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Marcan Shipping (London) v Kefales & Another, Court of Appeal, 17 May 2007

31 May 2007
The issues

Unless Orders – failure to comply with Unless Order – whether any further order necessary.

The facts

Marcan Shipping began proceedings in 2004 against the Defendants seeking damages for the wrongful termination of a general agency agreement alleged to have been made orally in 1982. The claim was denied. The matter came before the Court for case management on 31st October 2005 when directions were given leading to a Trial commencing on a date to be fixed but not before 6th June 2006. It was subsequently fixed for the 3rd July 2006. Subsequently an order was made vacating that Trial date and directing that issues relating to liability only should be determined at a Trial on the 16th October 2006. The Judge making that order also ordered the parties to give further disclosure of documents relating to matters in issue. Marcan failed to comply with the order of the Judge and the matter came back before the Court on the 21st July 2006 when an Unless Order was made that unless disclosure was given by 26th July 2006, “the Claimant’s claim shall be dismissed and it is ordered and adjudged that the Claimant’s pay the Defendant’s costs on an indemnity basis such costs to be assessed if not agreed”. On the 26th July the Claimant served a List of Documents which was materially defective. On the 28th July the Defendant’s made an application to the Court for an order that the claim be dismissed and that the Appellant be adjudged liable to pay the Respondent’s costs on an indemnity basis. That application was supported by witness statement made by the solicitor acting. On the 5th September, the application came before the Judge who made the Order accordingly. The Claimant appealed.

The decision

CPR Rule 3.1 (3) (b) expressly gives the Court the power when making an order to specify the consequences of failure to comply with its rules. Rule 3.8(1) expressly provided that where a party had failed to comply with an order any sanction imposed by the order had effect unless the party in default applied for and obtained relief from the sanction. No further order was therefore required to render the sanction effective. The onus was on the defaulting party to take steps to obtain relief. Notwithstanding two previous decisions of the Court of Appeal, namely Carlco Ltd v Chief Constable of Dyfed Powys Police (which the Court doubted) and Keen Phillips v Field (which the Court distinguished) it should now be clearly recognised that the sanction embodied in an “Unless” Order in traditional form took effect without the need for any further order if the party to whom it was addressed failed to comply with it in any material respect. There was no requirement for the Order to be “activated” by a further Order. If an application to enter Judgment were made under Rule 3.5(5) the Court’s function was limited to deciding what order should properly be made to reflect that sanction which has already taken effect. Unless there was an application for relief by the defaulting party or unless the Court decided for some exceptional reason that it should act on its own initiative, the question whether the sanction ought to apply did not arise. If a defaulting party wished to escape the sanction it was obliged to apply for relief under Rule 3.8 and any such application must deal with the matters that the Court was required to consider under Rule 3.9.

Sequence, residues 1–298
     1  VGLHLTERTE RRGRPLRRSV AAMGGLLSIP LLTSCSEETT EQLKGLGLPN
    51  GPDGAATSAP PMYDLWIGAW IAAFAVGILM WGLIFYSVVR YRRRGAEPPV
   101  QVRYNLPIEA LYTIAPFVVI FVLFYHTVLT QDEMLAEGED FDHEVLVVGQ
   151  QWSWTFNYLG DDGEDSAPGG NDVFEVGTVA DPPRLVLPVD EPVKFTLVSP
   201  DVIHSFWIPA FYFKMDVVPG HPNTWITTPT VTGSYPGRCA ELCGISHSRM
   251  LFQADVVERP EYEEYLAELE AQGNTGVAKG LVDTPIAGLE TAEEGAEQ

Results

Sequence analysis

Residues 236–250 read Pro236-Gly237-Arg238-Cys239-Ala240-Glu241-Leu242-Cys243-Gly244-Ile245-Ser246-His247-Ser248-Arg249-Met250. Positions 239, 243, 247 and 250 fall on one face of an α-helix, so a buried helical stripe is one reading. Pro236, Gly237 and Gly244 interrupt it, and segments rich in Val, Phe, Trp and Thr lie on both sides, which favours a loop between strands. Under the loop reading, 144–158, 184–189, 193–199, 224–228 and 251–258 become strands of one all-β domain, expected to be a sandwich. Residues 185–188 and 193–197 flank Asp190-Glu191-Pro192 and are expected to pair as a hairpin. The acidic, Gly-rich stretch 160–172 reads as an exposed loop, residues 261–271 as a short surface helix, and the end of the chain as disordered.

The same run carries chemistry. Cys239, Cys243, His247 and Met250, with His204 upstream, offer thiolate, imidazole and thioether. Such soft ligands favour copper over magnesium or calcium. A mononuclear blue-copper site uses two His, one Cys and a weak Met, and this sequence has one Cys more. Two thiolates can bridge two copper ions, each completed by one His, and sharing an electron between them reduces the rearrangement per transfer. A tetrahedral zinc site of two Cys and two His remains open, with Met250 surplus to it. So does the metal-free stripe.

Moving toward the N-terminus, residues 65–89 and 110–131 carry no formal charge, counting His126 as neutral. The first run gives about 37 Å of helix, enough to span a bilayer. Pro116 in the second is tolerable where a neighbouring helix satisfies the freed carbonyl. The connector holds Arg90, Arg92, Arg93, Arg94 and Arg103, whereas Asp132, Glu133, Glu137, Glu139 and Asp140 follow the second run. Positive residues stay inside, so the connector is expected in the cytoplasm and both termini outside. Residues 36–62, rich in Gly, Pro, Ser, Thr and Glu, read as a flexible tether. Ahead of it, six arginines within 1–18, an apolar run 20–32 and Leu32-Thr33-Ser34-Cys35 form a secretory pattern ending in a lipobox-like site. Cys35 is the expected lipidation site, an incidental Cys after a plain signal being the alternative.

In this case the Defendant argued that the sanction had taken effect when the Claimant failed materially to comply with the Order. They were therefore entitled to obtain Judgment in their favour but since the party in default had been the Claimant it was necessary for the Defendant to make an Application to the Court in order to do so – see Rule 3.5(5).

In so far as the Judge had approached this matter as if it were an application under Rule 3.4(2)(c) to strike out the claim for failure to comply with an Order from the Court, he had taken the wrong approach. However the Order made by the Judge was right in all the circumstances even though he should not have approached the matter in the way he had done so.

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